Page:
This article has been updated.
Homeowners can conserve water both indoors and outdoors by adopting simple conservation strategies, but many people overlook the opportunity of collecting and storing rainwater for use in the yard, garden and outdoor cleaning projects.
Simple catchment systems with storage capacities of 40 – 100 gallons, can be easily installed by the homeowner to collect rainwater for use in the yard and garden. This water is untreated and therefore not intended for drinking or bathing. More complex systems can also be installed which involve large cisterns, with up to 5,000 gallon capacity, a water pump and a treatment system if the water is intended for drinking or bathing.
Before purchasing a rain barrel, check to ensure that installing a rain catchment system is permissible in your municipality.
Homeowners looking to install a simple rainwater catchment system using rain barrels can benefit fro these tips:
1. Take roofing material into consideration
If you’re using the collected water for outdoor landscaping purposes, most roofing material will suffice. Be aware that asphalt shingles leach toxins, so runoff should not be used for watering the vegetable garden or for potable purposes. Roofs made of slate, terra-cotta tile, copper, untreated wood shingles, concrete and epoxy-painted metal are acceptable for collecting potable water.
2. Choose a barrel designed for holding water
Using an old garbage can for collecting rainwater may yield disappointing results. Rain barrels are designed with a wall thickness that can withstand freezing, expansion of freezing water, and distortion from the weight of the water and/or the effect of prolonged direct sunlight. Barrels used for water collection and storage should:
- Be opaque to inhibit algae growth
- Not leach toxic materials
- Be securely covered to prevent small children, pets and wildlife from drowning
- Be screened to keep out debris
- Be accessible for cleaning
3. Locate barrel with safety in mind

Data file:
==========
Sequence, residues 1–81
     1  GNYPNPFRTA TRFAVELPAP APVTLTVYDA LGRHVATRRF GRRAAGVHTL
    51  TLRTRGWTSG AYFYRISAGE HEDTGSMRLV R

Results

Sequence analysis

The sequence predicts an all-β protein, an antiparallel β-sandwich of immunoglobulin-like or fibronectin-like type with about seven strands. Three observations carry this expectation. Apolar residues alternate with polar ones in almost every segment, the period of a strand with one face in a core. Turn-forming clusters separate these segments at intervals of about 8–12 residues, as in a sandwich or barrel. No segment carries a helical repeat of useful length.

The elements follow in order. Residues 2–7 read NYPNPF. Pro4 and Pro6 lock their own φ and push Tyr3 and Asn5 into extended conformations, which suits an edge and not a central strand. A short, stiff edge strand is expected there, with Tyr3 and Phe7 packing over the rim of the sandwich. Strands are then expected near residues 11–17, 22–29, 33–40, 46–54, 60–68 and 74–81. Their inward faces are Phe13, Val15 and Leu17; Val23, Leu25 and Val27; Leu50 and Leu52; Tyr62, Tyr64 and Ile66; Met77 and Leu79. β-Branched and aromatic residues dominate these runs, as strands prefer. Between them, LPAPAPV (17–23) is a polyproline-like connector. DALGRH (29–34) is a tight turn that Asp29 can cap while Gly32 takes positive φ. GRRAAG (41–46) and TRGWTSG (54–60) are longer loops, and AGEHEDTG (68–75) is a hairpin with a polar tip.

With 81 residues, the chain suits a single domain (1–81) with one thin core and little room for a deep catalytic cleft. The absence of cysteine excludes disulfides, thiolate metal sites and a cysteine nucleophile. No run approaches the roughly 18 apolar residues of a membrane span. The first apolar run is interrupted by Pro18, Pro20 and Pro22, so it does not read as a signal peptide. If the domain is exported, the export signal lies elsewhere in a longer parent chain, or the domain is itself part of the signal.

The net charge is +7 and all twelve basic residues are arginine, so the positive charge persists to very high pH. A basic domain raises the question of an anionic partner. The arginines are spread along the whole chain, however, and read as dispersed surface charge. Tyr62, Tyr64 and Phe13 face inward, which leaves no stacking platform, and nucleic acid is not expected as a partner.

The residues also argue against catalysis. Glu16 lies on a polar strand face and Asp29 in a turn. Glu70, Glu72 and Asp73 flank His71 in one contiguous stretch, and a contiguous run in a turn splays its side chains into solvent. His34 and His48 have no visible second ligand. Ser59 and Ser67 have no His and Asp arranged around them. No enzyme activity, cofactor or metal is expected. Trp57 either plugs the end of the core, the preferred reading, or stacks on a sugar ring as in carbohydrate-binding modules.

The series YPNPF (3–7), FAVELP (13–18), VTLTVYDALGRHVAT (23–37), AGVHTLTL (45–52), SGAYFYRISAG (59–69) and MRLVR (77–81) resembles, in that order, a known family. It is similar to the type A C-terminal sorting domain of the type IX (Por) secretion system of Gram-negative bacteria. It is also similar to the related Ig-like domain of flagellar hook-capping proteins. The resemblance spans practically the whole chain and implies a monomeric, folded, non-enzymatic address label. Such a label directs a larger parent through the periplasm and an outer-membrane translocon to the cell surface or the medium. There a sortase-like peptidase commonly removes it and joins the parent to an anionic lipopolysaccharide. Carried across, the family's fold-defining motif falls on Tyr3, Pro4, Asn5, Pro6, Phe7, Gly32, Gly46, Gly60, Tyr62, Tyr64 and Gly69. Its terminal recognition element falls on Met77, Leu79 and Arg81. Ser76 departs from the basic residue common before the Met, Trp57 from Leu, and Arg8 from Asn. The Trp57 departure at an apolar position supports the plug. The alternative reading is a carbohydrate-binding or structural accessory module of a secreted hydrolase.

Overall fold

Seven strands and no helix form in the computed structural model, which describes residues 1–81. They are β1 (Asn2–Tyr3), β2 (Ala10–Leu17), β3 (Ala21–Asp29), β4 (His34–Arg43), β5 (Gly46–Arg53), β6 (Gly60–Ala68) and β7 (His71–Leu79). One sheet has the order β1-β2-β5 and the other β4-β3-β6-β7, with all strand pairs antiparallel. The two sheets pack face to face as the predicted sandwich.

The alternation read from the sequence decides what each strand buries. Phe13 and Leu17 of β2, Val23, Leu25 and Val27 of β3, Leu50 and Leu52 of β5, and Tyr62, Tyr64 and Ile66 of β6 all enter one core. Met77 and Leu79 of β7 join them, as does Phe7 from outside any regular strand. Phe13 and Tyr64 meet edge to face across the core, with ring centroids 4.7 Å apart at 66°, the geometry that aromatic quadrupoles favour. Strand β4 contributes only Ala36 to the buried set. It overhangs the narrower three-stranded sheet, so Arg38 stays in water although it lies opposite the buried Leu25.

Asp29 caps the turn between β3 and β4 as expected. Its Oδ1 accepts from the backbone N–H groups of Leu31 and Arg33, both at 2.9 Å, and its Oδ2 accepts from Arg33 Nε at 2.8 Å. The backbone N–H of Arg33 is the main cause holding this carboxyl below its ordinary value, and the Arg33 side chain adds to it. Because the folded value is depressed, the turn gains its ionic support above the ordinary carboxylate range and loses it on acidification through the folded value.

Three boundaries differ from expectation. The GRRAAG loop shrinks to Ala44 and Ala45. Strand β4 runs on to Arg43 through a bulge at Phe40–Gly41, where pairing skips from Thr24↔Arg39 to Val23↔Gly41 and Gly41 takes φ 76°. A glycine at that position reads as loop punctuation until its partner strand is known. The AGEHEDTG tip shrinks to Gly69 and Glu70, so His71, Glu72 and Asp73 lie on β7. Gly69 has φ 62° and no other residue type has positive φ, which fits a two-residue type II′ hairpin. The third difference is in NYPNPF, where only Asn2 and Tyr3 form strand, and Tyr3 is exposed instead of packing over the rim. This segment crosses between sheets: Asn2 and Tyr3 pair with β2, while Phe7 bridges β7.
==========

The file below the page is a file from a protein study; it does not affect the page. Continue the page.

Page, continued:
Never place a rain barrel near stairs or structures that would allow a child to crawl on top of the barrel. In addition, children should be discouraged from playing near rain barrels.
4. Block up rain barrels several inches
Rain barrels should be installed at or near ground level, on a level surface to prevent tipping when the barrel is full. The barrel can be set directly on the ground, but raising the rain barrel a small amount will allow more room to get a small bucket under the outlet spigot, which is located near the bottom of the barrel.
Use cinder blocks, cement or a solid 4” block of rot-resistant wood such as cedar to raise the collection barrel a few inches off the ground. This blocking should be absolutely level, and protrude at least 1” all around the base of the barrel to ensure stability when the barrel is full.
Once the blocking is in place, set the barrel in place and mark the height where the downspout will be cut to attach the elbow. Use a hacksaw to cut the downspout; it’s easier to make this cut if you leave the downspout wall straps in place. The outflow end of the elbow should be close to the filter screen. (Over time the barrel and its base will settle into the ground a bit.)
As an added precaution against tipping, a small chain or line can be run around the barrel, near the top, and secured to an adjacent wall. (Rain barrels are stable by design, but installation should allow for the possibility of small children trying to pull themselves up the side of the barrel to see inside–not to mention earthquakes in areas where these are prone to happen.)
5. Attach spigots and hose connections finger-tight only
When assembling the rain barrel, take care to screw in the spigots straight, to avoid cross-threading damage. Screw in only until fitting is finger-tight. Do not use a wrench or pliers because the excess force can cause thread damage, resulting in leaks.
6. Clean gutters periodically
Gutters should be cleaned and inspected twice a year, with extra attention given before a rainy spell. To ensure the cleanest delivery of water, gutters should be sloped enough to ensure continuous water flow, with no low spots which collect puddles. Debris will also collect in any low spots, then break down and add contaminants and particulate matter to the water and filter screen. Older gutters which use soldered seams are suspect because they may leach lead; gutters which have riveted seams are preferred.
Once your rain barrel is installed, remember to observe these basic precautions:
- Be sure to leave the overflow valve (nearest the top of the barrel) fully open at all times. A short hose can be attached to direct any overflow runoff to the existing downspout drainage pipe, or nearby shrubs or trees.
- Keep the inlet screen clean of leaves and debris.
- Never let people or animals drink from the rain barrel.
- Instruct children not to play on or with the water barrel.
To purchase a rain barrel, click here.